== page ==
In 1824 in Washington, D.C., Ann Mattingly, widowed sister of the city's mayor, was miraculously cured of a ravaging cancer. Just days, or perhaps even hours, from her predicted demise, she arose from her sickbed free from agonizing pain and able to enjoy an additional thirty-one years of life. The Mattingly miracle purportedly came through the intervention of a charismatiIn 1824 in Washington, D.C., Ann Mattingly, widowed sister of the city's mayor, was miraculously cured of a ravaging cancer. Just days, or perhaps even hours, from her predicted demise, she arose from her sickbed free from agonizing pain and able to enjoy an additional thirty-one years of life. The Mattingly miracle purportedly came through the intervention of a charismatic German cleric, Prince Alexander Hohenlohe, who was credited already with hundreds of cures across Europe and Great Britain. Though nearly forgotten today, Mattingly's astonishing healing became a polarizing event. It heralded a rising tide of anti-Catholicism in the United States that would culminate in violence over the next two decades. Nancy L. Schultz deftly weaves analysis of this episode in American social and religious history together with the astonishing personal stories of both Ann Mattingly and the healer Prince Hohenlohe, around whom a cult was arising in Europe. Schultz's riveting book brings to light an early episode in the ongoing battle between faith and reason in the United States....
|Title||:||Mrs. Mattingly's Miracle: The Prince, the Widow, and the Cure That Shocked Washington City|
|Format Type||:||Kindle Edition|
|Number of Pages||:||287 Pages|
|Status||:||Available For Download|
|Last checked||:||21 Minutes ago!|
Mrs. Mattingly's Miracle: The Prince, the Widow, and the Cure That Shocked Washington City Reviews
One day in 1824, Mrs. Ann Mattingly was miraculously cured of terminal breast cancer just hours before her expected demise. The cure was arranged through the efforts of the Catholic Community through a German faith healer and cleric, Prince Hohenlohe. Mrs. Mattingly was a widow and the sister of Washington's mayor, Thomas Carberry. Within days, the word of her healing spread up and down the East Coast. Thousand of people flocked to Mr. Carberry's home to see Mrs. Mattingly. The mostly Jesuit leaders of Washington's Catholic religious community at what is today Georgetown University became concerned that this act of healing would be presented to the public in a sensational manner which would bring negative publicity and Anti - Catholic sentiment. The story of Mrs. Mattingly, her family and times are fascinatingly told by Ms. Schultz. Ms. Schultz also tells the story of the Washington Catholic Community from its founding at St. Mary's City in the Seventeenth Century to the early Nineteen Century.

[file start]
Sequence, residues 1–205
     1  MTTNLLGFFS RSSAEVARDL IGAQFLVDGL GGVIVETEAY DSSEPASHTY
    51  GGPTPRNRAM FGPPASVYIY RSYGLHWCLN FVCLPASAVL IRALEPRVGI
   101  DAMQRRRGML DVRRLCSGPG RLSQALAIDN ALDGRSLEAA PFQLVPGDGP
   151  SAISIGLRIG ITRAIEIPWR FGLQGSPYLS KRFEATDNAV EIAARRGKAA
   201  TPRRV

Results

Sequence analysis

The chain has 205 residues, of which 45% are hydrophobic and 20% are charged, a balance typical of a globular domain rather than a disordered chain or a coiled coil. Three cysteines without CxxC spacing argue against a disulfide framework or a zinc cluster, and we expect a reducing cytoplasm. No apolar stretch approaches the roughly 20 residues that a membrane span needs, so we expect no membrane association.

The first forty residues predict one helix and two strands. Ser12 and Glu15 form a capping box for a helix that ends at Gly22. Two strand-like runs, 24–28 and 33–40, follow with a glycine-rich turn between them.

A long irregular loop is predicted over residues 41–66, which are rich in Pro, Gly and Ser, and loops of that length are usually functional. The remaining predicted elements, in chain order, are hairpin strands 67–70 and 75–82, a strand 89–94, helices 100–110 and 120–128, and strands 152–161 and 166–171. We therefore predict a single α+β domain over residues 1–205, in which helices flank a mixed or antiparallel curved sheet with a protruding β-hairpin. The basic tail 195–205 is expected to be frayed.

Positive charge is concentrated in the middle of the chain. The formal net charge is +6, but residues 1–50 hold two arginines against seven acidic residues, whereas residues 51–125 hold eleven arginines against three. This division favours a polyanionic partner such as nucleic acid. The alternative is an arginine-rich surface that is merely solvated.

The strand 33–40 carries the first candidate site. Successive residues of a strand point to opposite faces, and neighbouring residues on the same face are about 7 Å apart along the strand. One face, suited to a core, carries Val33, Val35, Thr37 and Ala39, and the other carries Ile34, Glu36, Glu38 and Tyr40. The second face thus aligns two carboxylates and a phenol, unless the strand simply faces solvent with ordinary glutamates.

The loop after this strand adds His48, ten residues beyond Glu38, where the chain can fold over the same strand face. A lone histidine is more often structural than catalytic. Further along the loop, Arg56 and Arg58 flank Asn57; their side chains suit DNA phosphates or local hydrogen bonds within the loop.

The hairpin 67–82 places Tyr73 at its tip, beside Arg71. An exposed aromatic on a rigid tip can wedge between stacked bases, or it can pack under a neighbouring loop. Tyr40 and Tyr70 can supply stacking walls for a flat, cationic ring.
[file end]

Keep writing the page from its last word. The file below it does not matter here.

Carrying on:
This book was badly in need of an editor. It jumped around, telling stories that had nothing to do with the topic at hand, other than a tangential relation to a distant relative of someone who might have been in the story. It neglected to really focus on the cure or on the times surrounding the cure, looking instead at a number of other minor miracles around the world and at the family drama that happened over several generations through the Mattingly family. The author seemed to confuse coincidence and correlation, and in general was not a very good philosophical thinker despite attempting to be one. Her strongest moments were when she was exploring the places of gender and race in 19th century American society and how they interacted with the role of the Catholic church. In all, I have to say, I'm glad it was short.
Gives an intimate look at Catholicism in the early American republic, through the prism of one woman's miraculous recovery from terminal breast cancer. Especially interesting given that many of the historical currents surrounding the event are still part of the ebb and flow of modern politics. The factionalism within the American Church, as well as the precursors to the anti-Catholic Know-Nothing party all have their echoes in such current events as the debate over the HHS birth control mandate.Overall, a very worthwhile read.
IN THE EARLY HOURS of March 10, 1824, Ann Mattingly, the sister of the mayor of Washington, D.C., lay on her sick bed, consumed with cancer. Her back was ulcerated. She had an incessant cough that sometimes gave way to fits so violent that they were “followed by puking large quantities of corrupted blood.”Read more...
I agree with a previous reviewer that this book could have benefited greatly from additional editing. It's a fascinating story and the beginning starts strong, but it suffered from digression and a lack of focus.
very engaging and the use the fiction element in each chapter was done very well. I could see Nancy doing other books about religion in the federalist period.
Good. The author is quite knowledgeable about Catholicism. I now want to read her book Fire and Roses.